Big Bear Hunts 10GigE Market
The module, called the BBTR1024-Z1, showcases Big Bear's chip for electronic dispersion compensation (EDC), which helps clean up a high-speed signal, allowing the creation of longer links. Big Bear has been developing its own EDC technology, called Photronic Signal Processing (PSP) (see Big Bear Targets 10GigE).
Big Bear is stressing a particular angle on EDC: interoperability. Because most 80km modules don't include EDC, it takes some tuning to create a decipherable signal at 10-Gbit/s. "Everybody basically optimized their transmitter for their own receiver," says John Jaeger, vice president of product management. Industrywide interoperability efforts within the International Telecommunication Union (ITU) stalled, he adds. "In 80km fiber-optic links there is no interoperability today, and the Sonet guys just put up with it."
This was tolerable in the Sonet/SDH world but will be a showstopper for 10-Gbit/s Ethernet, as even carriers are counting on the simplicity of Ethernet, which has always included the ability to mix and match vendors, Jaeger says.
A lot will depend on the way metro Ethernet networks get built, however. In Sonet/SDH, it's an "almost metaphysical certainty" that a carrier will install the same optics on both ends of a link, says Neil Neslusan, director of product marketing of Applied Micro Circuits Corp. (AMCC) (Nasdaq: AMCC). "The dirty little secret about optical systems is that they're closed. People talk about being able to connect a Nortel device and a Ciena device, but that rarely happens."
Competition on the 80km router side is just getting started. The 802.3ae standard for 10-Gbit/s Ethernet includes 10GBase-LR and 10GBase-ER standards for 10 and 40km reaches, respectively, but Big Bear is targeting the emerging 10GBase-ZR standard for 80km links on singlemode fiber.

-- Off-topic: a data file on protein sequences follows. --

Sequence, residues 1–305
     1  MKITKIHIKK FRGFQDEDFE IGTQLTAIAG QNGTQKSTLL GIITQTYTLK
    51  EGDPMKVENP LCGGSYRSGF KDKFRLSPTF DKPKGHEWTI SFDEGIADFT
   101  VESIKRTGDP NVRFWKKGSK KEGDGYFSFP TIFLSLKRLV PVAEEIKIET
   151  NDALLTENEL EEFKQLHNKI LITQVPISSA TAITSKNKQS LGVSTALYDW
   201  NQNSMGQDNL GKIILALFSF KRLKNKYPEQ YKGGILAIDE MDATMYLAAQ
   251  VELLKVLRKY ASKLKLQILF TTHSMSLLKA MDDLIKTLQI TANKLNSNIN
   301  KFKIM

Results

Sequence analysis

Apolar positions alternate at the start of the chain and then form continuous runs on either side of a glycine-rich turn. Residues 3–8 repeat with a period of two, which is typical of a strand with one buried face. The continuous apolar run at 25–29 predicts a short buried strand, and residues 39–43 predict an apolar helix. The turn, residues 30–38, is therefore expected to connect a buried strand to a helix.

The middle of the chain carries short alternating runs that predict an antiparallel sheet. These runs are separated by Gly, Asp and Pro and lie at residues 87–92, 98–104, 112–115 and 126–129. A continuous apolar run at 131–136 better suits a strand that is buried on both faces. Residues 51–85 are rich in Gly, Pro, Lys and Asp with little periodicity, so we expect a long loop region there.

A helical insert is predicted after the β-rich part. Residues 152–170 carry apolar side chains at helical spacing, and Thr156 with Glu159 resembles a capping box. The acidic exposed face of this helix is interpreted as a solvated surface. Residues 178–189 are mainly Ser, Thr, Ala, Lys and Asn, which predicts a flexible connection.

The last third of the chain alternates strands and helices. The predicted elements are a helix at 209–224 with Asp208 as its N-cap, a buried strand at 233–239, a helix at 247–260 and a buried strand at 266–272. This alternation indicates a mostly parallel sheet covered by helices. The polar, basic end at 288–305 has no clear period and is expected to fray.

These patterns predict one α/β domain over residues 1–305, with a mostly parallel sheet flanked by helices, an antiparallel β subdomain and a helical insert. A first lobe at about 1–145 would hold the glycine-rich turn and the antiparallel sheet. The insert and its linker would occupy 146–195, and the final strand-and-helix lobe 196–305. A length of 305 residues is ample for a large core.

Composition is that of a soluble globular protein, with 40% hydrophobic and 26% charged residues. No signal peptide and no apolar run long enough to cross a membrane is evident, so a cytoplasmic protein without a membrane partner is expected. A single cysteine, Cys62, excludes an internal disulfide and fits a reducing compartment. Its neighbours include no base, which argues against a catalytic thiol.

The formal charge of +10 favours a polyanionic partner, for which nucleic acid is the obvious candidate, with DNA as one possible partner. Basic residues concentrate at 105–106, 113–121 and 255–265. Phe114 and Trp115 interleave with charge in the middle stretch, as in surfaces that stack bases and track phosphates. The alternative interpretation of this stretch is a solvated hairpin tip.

Few others have staked out that territory. Optillion AB produced a ZR transponder just before Supercomm last month. In February, Bookham Technology plc (Nasdaq: BKHM; London: BHM) and Finisar Corp. (Nasdaq: FNSR) produced 80km transponders supporting 10-Gbit/s Ethernet, although neither mentioned the ZR standard at the time (see Optillion Adds New 10-Gig Transceivers, Finisar Gets XFP Happy, and XFP No Longer a BFD).
Big Bear's transponder, which conforms to the Xenpak multiservice agreement (MSA), is shipping for beta testing and should be ready for production by year's end.
The EDC chip itself has been shipping for about nine months, mostly to systems houses whose optics don't conform to a particular MSA, Jaeger says.
AMCC is one of several companies that compete with Big Bear on the EDC chip front. Others include Kodeos Communications Inc., Mitsubishi Electric Corp. (Tokyo: 6503), Phyworks Ltd., and Scintera Networks Inc.
Founded in 2000, Big Bear has had to claw its way to the market. The company started life as a 40-Gbit/s glamor story, but as that business lost its warm fuzzy feeling, Big Bear looked into options including signal-conditioning technology and downshifting the modules business to 10-Gbit/s (see Big Bear Comes Out of the Woods and Big Bear Promises Picnic).
The company did produce a 40-Gbit/s transponder named Kodiak, which has been shipping for about a year, mostly into the tester market (see Ample, Big Bear Team on 40-Gig).
Along the way the company has raised $78 million in funding, including an $18 million round in November. Investors include Accel Partners, Austin Ventures, Menlo Ventures, Oak Investment Partners, and Sequoia Capital (see Big Bear Hugs $40M and Big Bear Cuddles Up With $18M). Big Bear employs about 50 people, half of them chip engineers.
Big Bear's future plans include a 10-Gbit/s transponder for 300-meter reach on multimode fiber, a market also served by the LX4 standard. Vendors have been discussing an EDC-based alternative to LX4 for some time, and efforts to standardize the EDC approach are underway with the IEEE 802.3aq task force (see IEEE Eyeballs Compensation and Vendors Still Driving LX4). Big Bear also intends to produce a DWDM version of the 80km transponder using 100GHz spacing, a product that would appear to compete with Finisar's 80km module.
— Craig Matsumoto, Senior Editor, Light Reading
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